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Off-Grid Wind and Solar Charging Offers a Sustainable Option for EV Use

Article Republished By Javier Troconis

A start-up electric vehicle charging company has come up with a unique solution for charging vehicles using wind and solar power. Charge Wind is developing the Wind and Solar Tower, a freestanding unit that incorporates both a wind turbine and solar panels along with battery storage to provide grid-free service for electric cars.
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Charge Wind is developing the Wind and Solar TowerCharge Wind is developing the Wind and Solar TowerCharge Wind is developing the Wind and Solar TowerMagnetic Levitation Bearing technology illustrationIllustration of multi-speed sequential gearbox for wind turbines (patented)Self-cleaning solar panel for Wind and Solar TowerIllustration of Wind and Solar Tower with EV charging points installedAn older prototype of the Wind and Solar Tower without solar panels installed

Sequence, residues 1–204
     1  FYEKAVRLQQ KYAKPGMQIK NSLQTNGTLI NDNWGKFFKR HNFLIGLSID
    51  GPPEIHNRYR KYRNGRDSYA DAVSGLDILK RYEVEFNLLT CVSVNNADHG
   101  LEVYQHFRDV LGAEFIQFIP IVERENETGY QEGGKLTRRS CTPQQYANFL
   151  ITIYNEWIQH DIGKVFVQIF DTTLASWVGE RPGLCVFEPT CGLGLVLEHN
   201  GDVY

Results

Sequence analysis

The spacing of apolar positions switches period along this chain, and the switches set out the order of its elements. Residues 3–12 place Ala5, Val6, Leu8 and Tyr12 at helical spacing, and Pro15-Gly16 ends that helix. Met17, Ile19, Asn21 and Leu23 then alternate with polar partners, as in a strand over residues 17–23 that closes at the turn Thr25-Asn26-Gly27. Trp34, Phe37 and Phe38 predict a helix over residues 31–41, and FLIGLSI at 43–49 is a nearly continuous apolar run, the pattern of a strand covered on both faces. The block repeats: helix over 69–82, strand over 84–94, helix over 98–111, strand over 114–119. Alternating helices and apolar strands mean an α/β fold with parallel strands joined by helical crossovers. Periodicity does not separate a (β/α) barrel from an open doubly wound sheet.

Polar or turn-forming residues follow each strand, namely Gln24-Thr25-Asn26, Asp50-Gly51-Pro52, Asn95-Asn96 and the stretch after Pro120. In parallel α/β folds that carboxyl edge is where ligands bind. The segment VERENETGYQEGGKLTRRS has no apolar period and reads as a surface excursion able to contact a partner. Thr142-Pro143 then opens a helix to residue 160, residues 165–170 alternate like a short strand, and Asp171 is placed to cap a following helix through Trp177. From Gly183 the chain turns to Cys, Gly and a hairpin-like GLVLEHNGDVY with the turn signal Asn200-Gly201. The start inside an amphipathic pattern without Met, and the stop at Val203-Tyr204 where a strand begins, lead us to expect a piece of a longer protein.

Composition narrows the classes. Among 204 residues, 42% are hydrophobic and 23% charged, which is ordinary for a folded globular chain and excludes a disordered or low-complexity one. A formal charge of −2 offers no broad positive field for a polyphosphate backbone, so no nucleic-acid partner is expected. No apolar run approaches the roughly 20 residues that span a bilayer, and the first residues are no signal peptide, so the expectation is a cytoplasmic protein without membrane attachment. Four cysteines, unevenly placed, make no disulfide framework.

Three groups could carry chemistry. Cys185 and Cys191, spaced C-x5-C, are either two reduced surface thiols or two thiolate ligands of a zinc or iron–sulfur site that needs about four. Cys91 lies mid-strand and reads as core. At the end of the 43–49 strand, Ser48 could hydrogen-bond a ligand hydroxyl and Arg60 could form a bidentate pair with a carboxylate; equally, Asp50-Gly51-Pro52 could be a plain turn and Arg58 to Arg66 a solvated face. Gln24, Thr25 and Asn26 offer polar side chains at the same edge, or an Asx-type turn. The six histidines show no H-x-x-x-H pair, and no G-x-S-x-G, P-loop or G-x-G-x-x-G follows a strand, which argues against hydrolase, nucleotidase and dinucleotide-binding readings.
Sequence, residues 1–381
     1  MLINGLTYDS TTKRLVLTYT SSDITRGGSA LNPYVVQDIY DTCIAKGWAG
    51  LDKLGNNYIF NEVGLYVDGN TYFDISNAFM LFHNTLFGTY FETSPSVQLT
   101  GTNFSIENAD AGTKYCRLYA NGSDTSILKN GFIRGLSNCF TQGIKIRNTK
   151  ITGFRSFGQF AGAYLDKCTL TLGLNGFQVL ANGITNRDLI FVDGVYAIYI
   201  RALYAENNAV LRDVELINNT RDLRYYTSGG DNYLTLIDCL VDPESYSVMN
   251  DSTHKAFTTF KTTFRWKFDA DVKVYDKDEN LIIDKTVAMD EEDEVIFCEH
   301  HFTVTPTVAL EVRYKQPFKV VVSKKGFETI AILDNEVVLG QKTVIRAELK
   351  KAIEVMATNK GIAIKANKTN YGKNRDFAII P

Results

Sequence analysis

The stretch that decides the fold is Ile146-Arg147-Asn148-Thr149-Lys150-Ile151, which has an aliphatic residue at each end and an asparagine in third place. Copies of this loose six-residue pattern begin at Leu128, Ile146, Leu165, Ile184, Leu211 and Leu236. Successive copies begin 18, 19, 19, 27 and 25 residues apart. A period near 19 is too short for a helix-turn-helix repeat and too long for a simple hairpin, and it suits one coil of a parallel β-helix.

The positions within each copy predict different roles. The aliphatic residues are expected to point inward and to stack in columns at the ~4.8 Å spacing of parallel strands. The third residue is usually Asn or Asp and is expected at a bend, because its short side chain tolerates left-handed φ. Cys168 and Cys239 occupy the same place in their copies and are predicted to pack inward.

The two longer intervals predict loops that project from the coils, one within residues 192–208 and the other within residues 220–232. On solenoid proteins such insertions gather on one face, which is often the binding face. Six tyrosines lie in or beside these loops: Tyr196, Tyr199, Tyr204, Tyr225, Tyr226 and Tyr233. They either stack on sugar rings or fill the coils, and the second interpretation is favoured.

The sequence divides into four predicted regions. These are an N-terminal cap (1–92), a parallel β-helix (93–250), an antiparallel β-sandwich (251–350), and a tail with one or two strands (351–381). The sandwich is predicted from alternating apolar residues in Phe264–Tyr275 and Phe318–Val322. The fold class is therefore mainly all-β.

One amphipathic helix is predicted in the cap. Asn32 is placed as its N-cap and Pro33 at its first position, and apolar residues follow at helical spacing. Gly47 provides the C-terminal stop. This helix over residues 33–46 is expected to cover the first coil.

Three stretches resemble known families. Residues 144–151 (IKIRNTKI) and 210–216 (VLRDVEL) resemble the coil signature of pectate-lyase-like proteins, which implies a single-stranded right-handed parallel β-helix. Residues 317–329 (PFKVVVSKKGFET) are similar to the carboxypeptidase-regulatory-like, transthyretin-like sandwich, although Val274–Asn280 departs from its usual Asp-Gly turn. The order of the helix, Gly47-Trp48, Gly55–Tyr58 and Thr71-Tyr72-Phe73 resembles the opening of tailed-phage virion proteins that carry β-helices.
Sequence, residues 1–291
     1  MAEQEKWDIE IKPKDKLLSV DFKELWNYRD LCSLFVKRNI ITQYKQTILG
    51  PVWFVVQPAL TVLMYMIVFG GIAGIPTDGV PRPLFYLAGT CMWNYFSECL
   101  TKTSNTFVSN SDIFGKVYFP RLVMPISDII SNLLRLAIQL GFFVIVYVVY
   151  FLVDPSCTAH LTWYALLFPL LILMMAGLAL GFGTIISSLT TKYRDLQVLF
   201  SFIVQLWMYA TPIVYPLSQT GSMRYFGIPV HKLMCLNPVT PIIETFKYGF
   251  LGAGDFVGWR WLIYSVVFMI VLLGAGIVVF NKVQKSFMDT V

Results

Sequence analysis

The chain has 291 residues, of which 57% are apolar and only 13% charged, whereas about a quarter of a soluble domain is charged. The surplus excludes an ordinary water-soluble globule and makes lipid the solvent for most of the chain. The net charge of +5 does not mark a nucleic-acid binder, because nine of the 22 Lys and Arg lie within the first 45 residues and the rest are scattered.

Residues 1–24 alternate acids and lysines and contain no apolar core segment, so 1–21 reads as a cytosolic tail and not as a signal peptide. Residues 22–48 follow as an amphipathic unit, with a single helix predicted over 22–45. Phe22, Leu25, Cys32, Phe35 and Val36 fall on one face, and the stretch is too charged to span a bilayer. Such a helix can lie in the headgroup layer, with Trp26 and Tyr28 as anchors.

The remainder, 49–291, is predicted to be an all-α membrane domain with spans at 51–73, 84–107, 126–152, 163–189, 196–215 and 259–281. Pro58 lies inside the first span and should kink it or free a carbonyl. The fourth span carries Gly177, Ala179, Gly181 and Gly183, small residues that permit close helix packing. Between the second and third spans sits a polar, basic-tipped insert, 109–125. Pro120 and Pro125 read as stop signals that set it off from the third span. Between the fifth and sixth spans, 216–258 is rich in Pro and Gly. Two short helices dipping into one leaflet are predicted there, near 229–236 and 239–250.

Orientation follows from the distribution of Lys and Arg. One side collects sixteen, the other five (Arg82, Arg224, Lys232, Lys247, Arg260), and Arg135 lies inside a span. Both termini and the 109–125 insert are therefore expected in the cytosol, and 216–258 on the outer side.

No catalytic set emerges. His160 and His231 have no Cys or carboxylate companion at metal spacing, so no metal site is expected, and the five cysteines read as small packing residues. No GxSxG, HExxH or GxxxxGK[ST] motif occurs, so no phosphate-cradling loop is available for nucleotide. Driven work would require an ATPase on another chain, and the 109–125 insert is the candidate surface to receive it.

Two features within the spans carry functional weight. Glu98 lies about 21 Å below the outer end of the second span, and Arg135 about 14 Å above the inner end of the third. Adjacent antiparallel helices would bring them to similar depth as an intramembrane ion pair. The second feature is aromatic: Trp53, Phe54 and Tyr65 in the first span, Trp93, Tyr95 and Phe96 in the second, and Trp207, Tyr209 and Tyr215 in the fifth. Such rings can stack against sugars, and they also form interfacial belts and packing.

The towers, better presented to the world back in March, also offer a solution for charging electric vehicles in rural areas or along major highways to facilitate EV road trips. The company says the Wind and Solar Tower is capable of supporting so-called Level 4 DC charging with a flow rate of 380 kW at up to 1,000 volts. At that level, the system delivers 6.333 kW, roughly 22 miles of range, per minute. That works out to over 300 miles of range in 15 minutes.

While current cars don’t have the systems to accommodate that rate, the company says the new 800-volt architecture of the Porsche Taycan, Audi e-tron, Hyundai Ioniq 5 and Kia EV6 is a step towards being able to charge vehicles at higher and faster rates than current Level 3 technology.

Also, the higher voltage and kW flow would be ideally suited for charging large electric semi-trucks. In the meantime, Wind Change would also be able to offer more traditional Level 2 and 3 charging capability.

Each of the envisioned charging stations would also be equipped with a one-megawatt storage battery allowing the Wind and Solar Tower to produce and harvest current whenever the wind is blowing, or the sun is out.

While the company has tested a single tower in Pennsylvania over five years, it’s still in the process of securing capital to go into full scale production and deployment of the system. The firm says once the money is in place, the first tower could roll out of production in 13 months.

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